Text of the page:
John Wayne Gacy victim is identified -- 35 years after death

John Wayne Gacy was executed for murdering 33 men and boys in the 1970s and then hiding their remains in and around his Chicago-area home. But eight of the victims were never identified.

Make that seven.

Authorities announced Tuesday that they had identified the remains of one of the bodies found in a crawlspace on Gacy's property as William George Bundy, who was 19 when he vanished in October 1976 on his way to a party.

Bundy's family had long suspected that he had been one of Gacy's victims. Bundy's younger sister, Laura O'Leary, attended the news conference held Tuesday by Cook County Sheriff Tom Dart to announce the findings. O'Leary said her brother had been working construction jobs before he disappeared, and she noted that Gacy was known to lure victims looking for work through his remodeling and construction company.

"I always knew he was going to be one of them," she said. "But there was no DNA [testing] back then, so there was nothing I could really do."

The Chicago Tribune reported that O'Leary, now 50, had "a sad smile" on her face as she thanked Dart for his decision to revisit the Gacy case using new DNA technology. That decision, Dart said, was made to provide some measure of closure to relatives who have wondered for decades whether their loved ones fell prey to Gacy.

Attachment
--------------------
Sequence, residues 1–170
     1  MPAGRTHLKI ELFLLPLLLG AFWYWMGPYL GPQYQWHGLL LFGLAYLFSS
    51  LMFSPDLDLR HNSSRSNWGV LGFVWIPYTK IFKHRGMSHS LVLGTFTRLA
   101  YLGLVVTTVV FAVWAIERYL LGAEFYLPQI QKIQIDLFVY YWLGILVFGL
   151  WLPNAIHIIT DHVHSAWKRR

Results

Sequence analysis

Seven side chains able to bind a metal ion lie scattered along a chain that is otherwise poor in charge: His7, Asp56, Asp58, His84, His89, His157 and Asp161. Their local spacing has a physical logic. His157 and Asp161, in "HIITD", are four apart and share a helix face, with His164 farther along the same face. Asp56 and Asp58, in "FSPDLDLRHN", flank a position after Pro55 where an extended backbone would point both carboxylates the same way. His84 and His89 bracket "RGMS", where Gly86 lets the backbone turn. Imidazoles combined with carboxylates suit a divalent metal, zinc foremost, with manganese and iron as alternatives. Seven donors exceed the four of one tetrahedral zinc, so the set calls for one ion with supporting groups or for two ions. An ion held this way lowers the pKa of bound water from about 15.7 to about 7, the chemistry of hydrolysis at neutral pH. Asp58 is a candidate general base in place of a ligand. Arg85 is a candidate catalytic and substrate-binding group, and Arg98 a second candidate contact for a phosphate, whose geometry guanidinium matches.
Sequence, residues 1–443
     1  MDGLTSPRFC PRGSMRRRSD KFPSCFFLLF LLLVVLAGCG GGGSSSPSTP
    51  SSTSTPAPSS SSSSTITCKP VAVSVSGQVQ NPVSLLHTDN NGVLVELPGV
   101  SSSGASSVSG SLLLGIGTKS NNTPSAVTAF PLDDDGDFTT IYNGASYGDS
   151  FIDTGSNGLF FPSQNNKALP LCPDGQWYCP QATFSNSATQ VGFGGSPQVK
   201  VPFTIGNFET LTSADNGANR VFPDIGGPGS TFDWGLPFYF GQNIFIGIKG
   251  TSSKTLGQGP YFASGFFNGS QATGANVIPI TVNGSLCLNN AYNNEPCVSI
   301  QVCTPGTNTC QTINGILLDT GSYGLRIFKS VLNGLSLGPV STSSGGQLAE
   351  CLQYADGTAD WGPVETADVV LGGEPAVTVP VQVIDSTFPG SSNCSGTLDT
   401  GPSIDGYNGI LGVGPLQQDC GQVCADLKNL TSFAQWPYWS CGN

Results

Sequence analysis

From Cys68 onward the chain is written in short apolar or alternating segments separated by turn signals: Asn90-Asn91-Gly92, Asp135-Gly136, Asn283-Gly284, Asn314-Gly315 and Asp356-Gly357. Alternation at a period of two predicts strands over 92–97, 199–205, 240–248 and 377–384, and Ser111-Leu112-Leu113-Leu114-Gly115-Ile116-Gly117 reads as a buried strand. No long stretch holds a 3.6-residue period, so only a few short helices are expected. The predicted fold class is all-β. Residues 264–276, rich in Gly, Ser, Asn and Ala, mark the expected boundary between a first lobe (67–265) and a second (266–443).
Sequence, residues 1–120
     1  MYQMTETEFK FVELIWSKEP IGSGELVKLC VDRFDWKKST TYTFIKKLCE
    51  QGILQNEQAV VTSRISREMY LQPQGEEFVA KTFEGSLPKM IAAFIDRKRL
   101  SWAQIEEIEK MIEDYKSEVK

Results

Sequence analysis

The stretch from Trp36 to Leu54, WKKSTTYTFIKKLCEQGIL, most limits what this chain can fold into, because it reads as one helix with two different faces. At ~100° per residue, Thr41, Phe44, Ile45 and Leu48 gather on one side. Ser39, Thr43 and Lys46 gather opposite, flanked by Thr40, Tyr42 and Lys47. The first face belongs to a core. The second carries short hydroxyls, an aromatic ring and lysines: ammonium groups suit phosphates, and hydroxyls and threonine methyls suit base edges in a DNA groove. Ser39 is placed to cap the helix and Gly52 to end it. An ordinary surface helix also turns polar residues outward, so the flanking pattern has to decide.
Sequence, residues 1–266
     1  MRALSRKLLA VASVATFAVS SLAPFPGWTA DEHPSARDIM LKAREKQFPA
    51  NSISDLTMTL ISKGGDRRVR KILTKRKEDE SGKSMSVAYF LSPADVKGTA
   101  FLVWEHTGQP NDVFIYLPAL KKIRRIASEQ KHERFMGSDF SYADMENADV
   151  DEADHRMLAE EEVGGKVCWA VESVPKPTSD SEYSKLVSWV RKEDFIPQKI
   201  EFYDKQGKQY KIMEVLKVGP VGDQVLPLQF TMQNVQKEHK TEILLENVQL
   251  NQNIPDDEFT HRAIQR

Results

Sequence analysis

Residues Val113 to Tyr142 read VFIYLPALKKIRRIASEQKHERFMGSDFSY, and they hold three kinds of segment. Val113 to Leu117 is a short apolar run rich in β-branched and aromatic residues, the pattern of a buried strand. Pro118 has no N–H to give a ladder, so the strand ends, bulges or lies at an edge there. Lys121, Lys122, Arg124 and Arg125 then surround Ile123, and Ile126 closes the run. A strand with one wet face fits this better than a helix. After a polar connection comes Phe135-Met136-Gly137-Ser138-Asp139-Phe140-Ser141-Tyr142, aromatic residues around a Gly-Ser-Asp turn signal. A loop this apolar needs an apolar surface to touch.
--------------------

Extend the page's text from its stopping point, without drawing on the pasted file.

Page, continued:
"All of my girlfriends wanted to date him," O'Leary said of her brother, whom she described as a gregarious young man who excelled at sports, the newspaper reported. She said her brother's disappearance took a horrible toll on her parents, who have both since passed away. "My mother, she was really never the same," O'Leary said.

Gacy is believed to have sexually assaulted many of his victims, strangling all but one of them. His reputation as one of the nation's most notorious serial killers was solidified after his penchant for dressing up as a clown and performing at children's parties and charity events became widely known.

While imprisoned, Gacy took up painting. The Miami New Times may have best described his work, calling it "nightmare fuel." Gacy's oeuvre included self-portraits, images of Jesus Christ, and, of course, scores of clowns.

Gacy was executed by lethal injection in 1994.

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--Rene Lynch
Twitter / renelynch

 
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Rene Lynch has been an editor and writer in Metro, Sports, Business, Calendar and Food. @ReneLynch

As an editor and reporter, Michael Muskal has covered local, national, economic and foreign issues at three newspapers, including the Los Angeles Times. @latimesmuskal


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